As sure as the arrival of winter, it's time to take a look back at industry events to see what the limited perspective of the present moment might suggest. That's the idea of this special issue of SN, which is devoted in large part to a look at what happened during this quickly fading year. You'll see relevant news articles identified by the logo inset to the right.
Last year at this time, we were still amazed by the then-recent collapse of Fleming Cos. and by Ahold's stumble. Luckily, we didn't see the like of those situations during 2004, but there was one telling event that bridged from 2003 to 2004, and that echoes still. That was the labor strife in Southern California. Last year at this time, the strike-lockout had held sway for many weeks and there was no way to tell when it would end, or how. But it had an end in early March.
Results betrayed the fact that organized labor didn't have a strong hand to play, which may explain why terms of the several contracts that expired thereafter were negotiated without undue incident. A continuing effect of the contention is attenuated sales and earnings produced by the three retailer protagonists: Safeway, Albertsons and Kroger. Indeed, it's likely that no other event in the 2003-to-2004 period will have such a great influence on the future direction of the food-distribution industry as will the California labor clash.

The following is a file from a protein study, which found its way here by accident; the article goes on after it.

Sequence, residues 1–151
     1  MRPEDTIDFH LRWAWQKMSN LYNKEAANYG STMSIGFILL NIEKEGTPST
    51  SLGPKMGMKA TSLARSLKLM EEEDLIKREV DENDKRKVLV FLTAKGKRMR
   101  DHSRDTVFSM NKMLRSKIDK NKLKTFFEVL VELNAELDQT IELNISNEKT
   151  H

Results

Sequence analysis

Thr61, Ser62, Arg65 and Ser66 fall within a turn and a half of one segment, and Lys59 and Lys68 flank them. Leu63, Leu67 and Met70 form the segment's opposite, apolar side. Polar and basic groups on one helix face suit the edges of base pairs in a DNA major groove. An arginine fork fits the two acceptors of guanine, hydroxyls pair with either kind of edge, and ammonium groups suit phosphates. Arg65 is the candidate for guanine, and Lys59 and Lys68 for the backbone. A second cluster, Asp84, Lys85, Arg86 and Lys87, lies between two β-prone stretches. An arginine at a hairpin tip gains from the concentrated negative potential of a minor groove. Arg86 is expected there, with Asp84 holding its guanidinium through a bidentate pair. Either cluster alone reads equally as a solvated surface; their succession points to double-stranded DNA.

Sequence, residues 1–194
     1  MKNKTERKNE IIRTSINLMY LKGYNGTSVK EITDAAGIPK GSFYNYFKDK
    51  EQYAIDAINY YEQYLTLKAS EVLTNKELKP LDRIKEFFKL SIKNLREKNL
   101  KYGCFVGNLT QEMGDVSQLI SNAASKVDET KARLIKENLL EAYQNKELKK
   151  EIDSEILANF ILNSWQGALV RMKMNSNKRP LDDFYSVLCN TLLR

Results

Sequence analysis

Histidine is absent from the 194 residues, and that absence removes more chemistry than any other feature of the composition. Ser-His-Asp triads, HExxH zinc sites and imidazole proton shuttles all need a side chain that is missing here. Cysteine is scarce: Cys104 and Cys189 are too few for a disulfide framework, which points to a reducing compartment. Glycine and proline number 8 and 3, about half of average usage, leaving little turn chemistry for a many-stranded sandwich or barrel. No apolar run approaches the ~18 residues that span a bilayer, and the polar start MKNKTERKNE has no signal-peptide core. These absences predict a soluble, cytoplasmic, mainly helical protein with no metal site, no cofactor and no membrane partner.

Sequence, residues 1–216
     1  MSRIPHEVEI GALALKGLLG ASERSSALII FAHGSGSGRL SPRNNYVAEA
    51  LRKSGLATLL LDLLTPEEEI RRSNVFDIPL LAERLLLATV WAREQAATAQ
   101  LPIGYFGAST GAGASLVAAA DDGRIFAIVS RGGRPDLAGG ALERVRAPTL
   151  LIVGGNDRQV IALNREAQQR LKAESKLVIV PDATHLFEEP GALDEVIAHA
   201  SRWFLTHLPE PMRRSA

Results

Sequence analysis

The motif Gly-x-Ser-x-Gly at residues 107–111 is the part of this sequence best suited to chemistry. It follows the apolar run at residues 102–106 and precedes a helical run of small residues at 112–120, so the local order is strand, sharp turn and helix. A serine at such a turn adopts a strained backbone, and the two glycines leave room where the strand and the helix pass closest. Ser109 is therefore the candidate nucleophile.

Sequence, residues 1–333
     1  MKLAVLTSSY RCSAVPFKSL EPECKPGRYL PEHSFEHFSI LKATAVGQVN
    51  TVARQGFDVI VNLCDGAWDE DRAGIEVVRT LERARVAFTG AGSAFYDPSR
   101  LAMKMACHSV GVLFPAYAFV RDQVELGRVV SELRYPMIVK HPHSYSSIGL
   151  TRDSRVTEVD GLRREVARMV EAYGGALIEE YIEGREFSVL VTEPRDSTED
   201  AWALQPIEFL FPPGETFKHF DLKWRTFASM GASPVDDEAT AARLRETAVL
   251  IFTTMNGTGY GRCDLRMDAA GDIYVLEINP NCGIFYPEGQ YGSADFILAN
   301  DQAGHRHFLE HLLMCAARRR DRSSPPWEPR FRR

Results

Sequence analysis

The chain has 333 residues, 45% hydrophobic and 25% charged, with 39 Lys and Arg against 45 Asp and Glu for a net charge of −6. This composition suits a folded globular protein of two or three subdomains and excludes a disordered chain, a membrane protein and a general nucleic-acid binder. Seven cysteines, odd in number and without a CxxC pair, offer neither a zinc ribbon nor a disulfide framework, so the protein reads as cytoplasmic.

Another event that included Albertsons was its acquisition of Shaw's Supermarkets for $2.5 billion. That was the year's largest buyout. A number of other companies and stores were traded during the year; most were opportunistic fill-in store purchases.
Also, attention was put on the revenue challenges in front of Pathmark Stores, Winn-Dixie Stores and A&P. Those chains, and others, resorted to extraordinary measures to retain or restore profitability. The challenges will continue into next year. As they're addressed, the upshot may include the addition of store assets to the market.
The industry was also buffeted by powerful external forces. They included the disastrous hurricanes that raked Florida, the quick change from deflating food prices to inflation, high energy costs, protracted war in Iraq, the election and a generally precarious economy.
All those forces combined to make 2004 a year that fit few templates, and that required quick and flexible approaches. That was seen as numerous retailers tinkered with margins and promotional activity. Many tried increasing and decreasing those factors in a bid to find balance. Some rolled out new formats. Others made a few halting steps toward shaking off the dependence on promotional dollars that has propped up profits in the past, but which is now ushering in vexing accounting woes.
This editorial page will be on hiatus next week to make room for a special issue based on the lists published in SN during the year. We'll be back next year.